January 17, 2009

Mom Confidence

1963-mom in mirror

If you lack confidence as a Mom, Paula Spencer is your gal. Read her book and while you’re waiting for it to arrive in the mail, first read this article.

©Paula Spencer

My mom was full of wise sayings when I was a child, like “Nobody said life was supposed to be easy” and “Always wear clean underwear.”

Now that I’m the mom (four times over), my favorite saying is “Make way for momfidence.” What’s momfidence? It’s the confidence that comes from worrying less and winging it more. Trusting your instincts and common sense (no matter what the popular wisdom says) and daring to be mellow about childrearing in a tensed-up world.

These seven maxims can make life easier and happier—for you and your child.

Don’t cry over spilt guilt

All mothers hear voices. Actually it’s just one voice, as insistent as it is irksome. That would be your momologue, your internal running commentary on how it’s going as a mom. But it’s never saying, “Good job, Mom!” Brilliant navigation of that sibling rivalry incident! How fine and upstanding your child is! Pats on the back for that quick save of the ice cream cone!”

No. These monologues are not about praise and positive reinforcement. They’re about guilt. They hector and nag. They fret. The voice in your head recites an endless to-do list and whispers comparisons to everybody else’s kids. It’s never satisfied.

Guilt goes with mothers like spit-up and shoulders. It’s a myth that you can wipe it away like a window shot with Windex. It’s just there no matter what you do (or don’t do) or say (or don’t say). Instead of letting it make you miserable, tune it out. Tune in to the more realistic voices at your feet: “Moooom!”

Too much advice spoils the confidence

Because we live in an expert culture, it’s easy believe there must be a “right” way to navigate most aspects of raising a child. Never mind that professional advice-givers all have different advice (and most don’t have kids underfoot in the house).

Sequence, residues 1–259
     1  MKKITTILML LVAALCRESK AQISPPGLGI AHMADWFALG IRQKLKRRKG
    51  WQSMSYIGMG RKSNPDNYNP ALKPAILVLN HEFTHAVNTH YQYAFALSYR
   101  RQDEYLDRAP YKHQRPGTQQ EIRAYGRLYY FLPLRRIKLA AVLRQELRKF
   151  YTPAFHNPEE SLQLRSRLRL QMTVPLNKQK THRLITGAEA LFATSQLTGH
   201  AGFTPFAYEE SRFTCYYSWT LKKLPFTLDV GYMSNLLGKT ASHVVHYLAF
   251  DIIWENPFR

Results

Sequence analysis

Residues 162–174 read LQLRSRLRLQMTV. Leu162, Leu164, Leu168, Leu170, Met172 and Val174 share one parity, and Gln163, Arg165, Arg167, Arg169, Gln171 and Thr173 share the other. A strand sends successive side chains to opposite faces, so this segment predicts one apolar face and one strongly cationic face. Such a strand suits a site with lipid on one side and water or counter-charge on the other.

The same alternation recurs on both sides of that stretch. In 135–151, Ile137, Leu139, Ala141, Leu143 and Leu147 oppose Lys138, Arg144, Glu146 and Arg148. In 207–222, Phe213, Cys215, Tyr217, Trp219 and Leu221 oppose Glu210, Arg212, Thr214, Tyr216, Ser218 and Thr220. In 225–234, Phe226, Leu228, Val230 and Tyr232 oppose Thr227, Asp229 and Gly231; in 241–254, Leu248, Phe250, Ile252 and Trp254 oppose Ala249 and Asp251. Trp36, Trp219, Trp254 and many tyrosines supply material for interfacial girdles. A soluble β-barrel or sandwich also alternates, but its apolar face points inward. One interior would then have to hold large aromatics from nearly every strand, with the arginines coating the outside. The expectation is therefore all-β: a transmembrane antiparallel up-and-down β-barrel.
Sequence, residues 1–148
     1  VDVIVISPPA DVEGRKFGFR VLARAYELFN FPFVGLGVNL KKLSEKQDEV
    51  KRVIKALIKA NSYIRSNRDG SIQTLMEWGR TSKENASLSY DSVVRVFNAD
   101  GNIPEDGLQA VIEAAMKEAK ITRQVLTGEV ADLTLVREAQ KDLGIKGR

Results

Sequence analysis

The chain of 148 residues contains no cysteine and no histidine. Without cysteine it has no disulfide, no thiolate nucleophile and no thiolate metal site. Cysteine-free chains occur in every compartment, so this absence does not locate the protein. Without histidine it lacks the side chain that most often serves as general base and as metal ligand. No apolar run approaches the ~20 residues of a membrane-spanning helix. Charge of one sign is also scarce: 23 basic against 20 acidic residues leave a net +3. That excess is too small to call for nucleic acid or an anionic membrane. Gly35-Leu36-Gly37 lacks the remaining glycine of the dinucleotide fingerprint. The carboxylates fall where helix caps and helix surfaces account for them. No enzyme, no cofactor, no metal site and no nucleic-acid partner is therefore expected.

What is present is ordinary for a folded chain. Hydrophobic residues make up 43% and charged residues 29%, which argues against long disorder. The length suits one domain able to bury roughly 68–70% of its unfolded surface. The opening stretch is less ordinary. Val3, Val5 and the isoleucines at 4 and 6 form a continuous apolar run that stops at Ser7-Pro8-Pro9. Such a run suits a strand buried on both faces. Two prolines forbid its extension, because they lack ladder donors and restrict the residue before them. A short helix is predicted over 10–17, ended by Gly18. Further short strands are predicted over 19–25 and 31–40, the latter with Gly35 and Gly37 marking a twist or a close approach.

Consider experts’ advice as mere suggestion, not gospel. It’s not like generations of the human race weren’t brought up just fine without Drs. Spock, Brazelton, Sears, Phil, Laura, et. al.

No matter how many authorities weigh in, raising a child will always be an art form, not a science. It’s like piecing together a crazy quilt, stitching together random bits of silk, velvet, and scratchy wool in ways that look right to you. I’m always on the lookout for scraps that might work. But I’ve learned to toss plenty aside, too.

An Oreo never killed anybody

Was it just half a generation ago that “cookies and milk” was a nurturing image rather than a derelict one?

I am all for good nutrition. Yes, I am a pro-nutrition kind of mom. I absolutely believe we should nourish our children. No starvation. No stuffed pigs. Equal opportunity for all food groups at every meal. But beyond that? Super-obsession about what kids eat usually only results in kids who are super-obsessed with food themselves. I’d rather put my energy into making sure everyone is sitting up at the table and not kicking anyone underneath it than having a power struggle over “one more bite” of tofu.

Better: Moderation in all things and all things in moderation.

Silence is fool’s gold in a house with kids

This adage is aimed at moms who worry that the wild banshee noises in their homes—i.e. anybody with more than one child—indicate they’re doing something wrong. Like fool’s gold—the mineral that twinkles like the real thing, but isn’t—kids at play who are quiet as churchmice should not be mistaken for a sign that all’s well. It’s noise and chaos—yes, screaming included—that are the sounds of happy children at play.

Silence usually means somebody’s up to no good.

Do be a spoilsport sometimes

The whole definition of “play” has changed since we were kids. It used to mean thinking up things to do on your own, inventing games, arguing with friends over the rules—messing around unsupervised, and not bothering your parents. Now “play” means two things: Youth sports or video games. Youth sports have been taken over by the grownups, and videogames have been completely abandoned by them.

Think twice (or three times) before starting the crazy youth sports treadmill before age 10. A kid gets more exercise digging up worms in the backyard than he does playing center field. Or by having his X-Box turned off and being turned out in the yard to think up something to do on his own.

You can’t judge a Mom by her midriff

So you still have those last post-baby pounds. So your baby is in kindergarten. It doesn’t mean you’re a lousy mom, only (I hope) that you’re still working on the self-love thing.

Stop and smell the crayons

Goodness knows a single hour with a colicky baby can drag like an entire day. A day with a toddler can feel like an eternity. Funny, then, that they whole mommying part of life goes by in a blink. Make time to enjoy it: Hang out. Color. Share French fries. Tickle. Hug.

©Paula Spencer is the author of Momfidence! An Oreo Never Killed Anybody and Other Secrets of Happier Parenting (Crown, 2006). She also writes the “Momfidence!” column in Woman’s Day and is a contributing editor of Parenting and Babytalk. She runs www.momfidence.com.

Creative Commons License photo credit: inajeep

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